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Canary Islands Covid indicators worsening as Fuerteventura moves back to Alert Level 2

Canary Islands Covid indicators worsening as Fuerteventura moves back to Alert Level 2

Editor’s intro:  It has become apparent over recent weeks that a new surge in Covid-19 cases has started to show in the epidemiological data, following two months of low infection rates and what may seem to many to have been a return to pre-pandemic normality.  Though our numbers are still, as ever, very low when compared to other regions (we have had one of the lowest infection rates in all Europe, and the lowest death rate in all Spain), the emerging trend has been leading medical professionals to start sounding the alarm ahead of what will be our second winter living with Covid-19. 

Of course nobody wants to hear bad news, but the simple fact is that last week it was reported that corona virus hospitalisations had suddenly increased by upwards of 40%, and for the first time since August we started to see new daily infections rise above 100 cases a day.  The latest data shows 158 new cases detected and there is serious concern that our exemplary success in bringing the last wave under control may now be giving way to a sixth new wave of infections as we head into winter.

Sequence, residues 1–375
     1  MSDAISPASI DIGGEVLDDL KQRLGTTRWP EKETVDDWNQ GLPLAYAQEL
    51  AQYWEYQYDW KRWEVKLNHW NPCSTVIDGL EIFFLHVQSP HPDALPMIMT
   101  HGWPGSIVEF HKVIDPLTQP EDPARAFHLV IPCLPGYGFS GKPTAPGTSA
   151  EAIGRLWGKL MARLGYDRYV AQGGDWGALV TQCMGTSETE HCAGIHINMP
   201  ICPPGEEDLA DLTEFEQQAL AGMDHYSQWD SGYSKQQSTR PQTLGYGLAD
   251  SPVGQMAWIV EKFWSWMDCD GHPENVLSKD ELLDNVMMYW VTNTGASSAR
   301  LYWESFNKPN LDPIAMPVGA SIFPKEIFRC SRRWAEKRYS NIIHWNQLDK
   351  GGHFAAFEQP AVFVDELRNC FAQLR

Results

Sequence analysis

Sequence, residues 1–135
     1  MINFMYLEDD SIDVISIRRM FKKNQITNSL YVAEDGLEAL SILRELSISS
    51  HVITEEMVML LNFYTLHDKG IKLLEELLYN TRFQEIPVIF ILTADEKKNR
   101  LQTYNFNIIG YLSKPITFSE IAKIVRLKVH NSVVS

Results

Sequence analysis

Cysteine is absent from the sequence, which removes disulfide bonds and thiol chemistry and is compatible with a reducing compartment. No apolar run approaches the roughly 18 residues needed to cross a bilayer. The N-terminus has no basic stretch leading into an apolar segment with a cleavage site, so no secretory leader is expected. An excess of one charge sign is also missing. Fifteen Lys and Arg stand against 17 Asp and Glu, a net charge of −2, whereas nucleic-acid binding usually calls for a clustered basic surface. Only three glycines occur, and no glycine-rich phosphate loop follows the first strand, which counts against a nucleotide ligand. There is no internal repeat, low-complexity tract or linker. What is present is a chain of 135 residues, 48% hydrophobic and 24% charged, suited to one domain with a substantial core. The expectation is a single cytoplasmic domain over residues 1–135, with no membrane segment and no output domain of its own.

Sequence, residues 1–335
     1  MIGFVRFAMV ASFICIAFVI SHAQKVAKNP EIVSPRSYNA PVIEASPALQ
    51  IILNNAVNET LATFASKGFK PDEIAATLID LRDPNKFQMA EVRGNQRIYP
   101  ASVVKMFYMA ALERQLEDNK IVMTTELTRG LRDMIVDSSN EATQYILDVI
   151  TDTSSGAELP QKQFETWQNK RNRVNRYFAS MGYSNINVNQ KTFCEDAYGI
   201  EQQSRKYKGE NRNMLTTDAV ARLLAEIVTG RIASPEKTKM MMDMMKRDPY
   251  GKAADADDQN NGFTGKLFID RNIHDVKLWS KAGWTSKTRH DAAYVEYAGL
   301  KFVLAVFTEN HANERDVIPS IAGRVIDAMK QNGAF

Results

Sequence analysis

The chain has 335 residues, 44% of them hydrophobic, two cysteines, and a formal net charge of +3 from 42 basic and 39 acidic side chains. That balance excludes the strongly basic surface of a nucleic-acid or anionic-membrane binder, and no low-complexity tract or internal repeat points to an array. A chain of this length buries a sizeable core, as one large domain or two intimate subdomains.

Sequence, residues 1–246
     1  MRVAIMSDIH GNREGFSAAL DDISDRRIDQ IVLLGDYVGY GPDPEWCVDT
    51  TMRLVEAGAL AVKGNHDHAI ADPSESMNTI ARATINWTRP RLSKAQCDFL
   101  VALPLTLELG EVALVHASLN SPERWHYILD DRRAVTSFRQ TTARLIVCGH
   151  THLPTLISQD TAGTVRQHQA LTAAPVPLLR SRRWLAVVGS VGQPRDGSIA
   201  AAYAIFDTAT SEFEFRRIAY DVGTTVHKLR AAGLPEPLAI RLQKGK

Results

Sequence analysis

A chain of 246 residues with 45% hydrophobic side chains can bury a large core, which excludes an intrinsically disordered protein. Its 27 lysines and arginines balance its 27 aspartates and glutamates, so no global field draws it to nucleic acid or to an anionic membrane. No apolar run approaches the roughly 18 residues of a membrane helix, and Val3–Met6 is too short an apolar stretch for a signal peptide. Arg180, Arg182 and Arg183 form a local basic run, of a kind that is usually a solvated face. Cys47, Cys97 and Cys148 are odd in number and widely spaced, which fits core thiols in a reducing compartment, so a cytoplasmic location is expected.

There are many places across the island now where people appear to completely ignore the guidance, unmasked and mingling in large crowds, or simply socialising as though the problem no longer exists.  With luck all bar owners, venues and other establishments, who have returned to some semblance of business normality in recent weeks, will do the right thing and work hard to ensure they can stay open, by enforcing the rules, and working together to get control of the new upsurge before things get any worse. 

No one wants to return to where we were this time last year. So please, wear your mask, keep your distance and wash your hands, and we can, as we have before, get through this all together.

We will need luck, common sense and teamwork.

The Canary Islands’ Ministry of Health this Thursday have reported 168 newly detected cases of COVID-19, bringing the total accumulated cases in the Canary Islands to 98,550 since the start of the Pandemic.  As of 8pm last night (Wednesday) 1,511 cases remain active, 20 of which are admitted to the ICU and 127 are otherwise hospitalised. Two new deaths connected with the virus have been reported in the last 24 hours, on the island of Gran Canaria: an 82-year-old woman and a 78-year-old man. Both had previous pathologies and were being treated in hospital.

The Accumulated Incidence at 7 days in the Canary Islands stands at 44.44 cases per 100,000 inhabitants and at 14 days at 70.54 cases per 100,000 inhabitants.